When I was a kid, my parents had expectations for me. I was expected to get “A” grades in nearly every subject. My teachers had expectations for me too. Friends, acquaintances, and coworkers told me for as long as I can remember, “You’re going to be famous,” or “Remember me when you’re wildly successful!”

They expected me to do great things, which made me feel like I should do great things. So I pushed myself. Then I would push myself more. If I stopped excelling at something, I just gave up.

Accomplishments Are Not Everything - Feel like you're not good enough? You need to read this!

As a sophomore, I had a free period so I filled it with Chinese language, on a whim. I found it really clicked with me. I often got 100% on my homework and tests. It was a little crazy how high my average was. When I got to college and started taking Chinese, my scores slipped a little bit. I think I got something in the low 90s. It didn’t matter that one of my teachers, from China, complimented me regularly on my pronunciation. I couldn’t handle my lower scores. I dropped the class.

I couldn’t deal with the idea of NOT achieving. Anything less than total domination in Chinese was failure. It was like the quote from the movie Talladega Nights: The Ballad of Ricky Bobby

“If you’re not first, you’re last!”

It’s an inherited problem – this need to be an over-achiever. My mother has it. My grandfather had it, and his mother before him. But I don’t think they had it quite like I had it. I had it to the point of possible neurosis – to the point of self-harm. Over-achievement a common issue for entrepreneurs – especially solopreneurs. Just check out Mariah Coz’s blog post about her launch of Femtrepreneur. And she’s not alone in that pursuit.

Entrepreneurs aren’t alone in this. I don’t know how many posts I see from creatives, and especially women who try to be “superheroes” juggling parenting, passions, work, marriage, and home!

It’s a recipe for misery.

Overdrive Isn’t Healthy

I had an intense need for accomplishment, and the accompanying accolades. I thought I didn’t need this, but did. I thought my value was tied to my achievement. I had so much I wanted to do – so much I want to realize even now. There are projects – classes, manuals, journals, novels, series, retreats, and more. There are businesses, nonprofits, experiences, products, and people…. But with this kind of thinking, there is no rest. There is no waiting. There is no sitting around and relishing.

When I was in the middle of this insanity, I might pause. There might have been a little wine and cheese break. I may smell some flowers and appreciate a pretty view. But when it’s over, I returned to the battle – the conquest – the undying need. My little vampire. My little Audrey 2.


How did I do that to myself?

The only answer is: I didn’t value myself. I had something to prove. I felt inferior.

There was never enough. This level of ambition implies a distinct lack of life satisfaction. I discovered this, much to my chagrin, and adjusted accordingly. I culled the projects down. I cut out certain pieces and clarified others, which of course, allowed me to keep pushing.

Almost a year ago, I pushed myself right to overdrive’s illogical conclusion – joint pain. My wrists, fingers, thumbs, and arms screamed in protest as I tried to pick up the lightest items. I felt the pressure to be and do more.

When I was in the middle of that, I saw the pain as a burden. I was angry with myself and with my situation. I was frustrated by the whole thing.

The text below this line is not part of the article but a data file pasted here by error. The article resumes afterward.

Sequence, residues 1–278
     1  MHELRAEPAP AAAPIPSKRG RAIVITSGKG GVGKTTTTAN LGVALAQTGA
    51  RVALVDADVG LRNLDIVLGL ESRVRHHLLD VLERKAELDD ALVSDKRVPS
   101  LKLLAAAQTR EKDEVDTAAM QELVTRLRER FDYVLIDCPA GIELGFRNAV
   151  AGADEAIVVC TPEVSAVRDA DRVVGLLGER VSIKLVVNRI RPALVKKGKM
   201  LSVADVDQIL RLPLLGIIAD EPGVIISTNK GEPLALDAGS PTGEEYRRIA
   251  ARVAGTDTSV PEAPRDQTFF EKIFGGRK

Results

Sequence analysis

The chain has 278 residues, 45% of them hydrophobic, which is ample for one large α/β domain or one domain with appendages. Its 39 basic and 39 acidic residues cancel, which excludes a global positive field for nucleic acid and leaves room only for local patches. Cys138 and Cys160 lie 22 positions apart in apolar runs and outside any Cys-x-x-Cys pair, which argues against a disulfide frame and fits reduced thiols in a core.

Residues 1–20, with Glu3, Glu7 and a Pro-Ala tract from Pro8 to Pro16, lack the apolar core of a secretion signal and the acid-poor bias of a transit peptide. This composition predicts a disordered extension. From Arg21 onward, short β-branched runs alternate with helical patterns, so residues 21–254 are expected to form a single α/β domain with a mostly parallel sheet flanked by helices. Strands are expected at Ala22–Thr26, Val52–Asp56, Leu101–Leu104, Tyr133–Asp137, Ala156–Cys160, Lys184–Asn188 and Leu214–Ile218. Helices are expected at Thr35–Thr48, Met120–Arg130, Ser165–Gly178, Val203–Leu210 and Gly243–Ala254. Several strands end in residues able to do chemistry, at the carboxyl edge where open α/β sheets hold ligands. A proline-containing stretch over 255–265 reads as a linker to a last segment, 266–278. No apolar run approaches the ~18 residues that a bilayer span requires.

How could I succeed if my body wasn’t cooperating?

How could I succeed if I didn’t work 10 hours a day?

How could I show my value if I didn’t succeed?

Looking back at that time, I realize I had a lot of self-work left to do. I hadn’t accepted myself. Everything was still a source of pain and despair. I was acting out of fear – fear of being worthless, of scarcity, of judgment by others. I thought if I didn’t succeed, I wouldn’t be good enough. I was afraid that I would become irrelevant.

It’s ironic that such an experience and working through this fear would make me MORE powerful, MORE self-assured, MORE relevant, MORE grateful – I became better in every way. But first I was humbled. First I had to stop. My body was the catalyst for the change, for which I am extremely grateful.

Goals versus Intentions

Now that I’m wiser, I realize that goals are not the end-all. Achievement isn’t where I get my worth. I’m worthy of good things just by being me. I LOVE me. I LOVE my life! I feel happy, joyful, peaceful, loving, and loved EVERY. SINGLE. DAY! It’s because I reached a place of acceptance about myself. It’s because I practice self-forgiveness. It’s because I meditate daily.

It caused a chain-reaction, and I’m still seeing new wonderful surprises every single day.

I grew into a healthier relationship with achievement based on intention as opposed to goals. I set my intentions for the day. I make them realistic, but when life gets in the way, it’s all right for them not to get done that day. They get shifted to the next. I adjust my process and move on.

So take a break. Slow down. Embrace balance. Approach your goals with loving intention, not fear. Your body (and life) with thank you.

Need more guidance in taking care of yourself? My course, The Heart Unboxed: How to Love the Unloveable, gives you the tools and strategies you need to show yourself more love (and it changes every part of your life for the better!)! Enroll here!

If you want more personal guidance, schedule a FREE “Rapid Change” session with me now! I’ll give you clarity, perspective, and support for you to live more intentionally and love yourself better (it’s SO worth it!)! Contact me here to schedule today!


Accomplishments Are Not Everything
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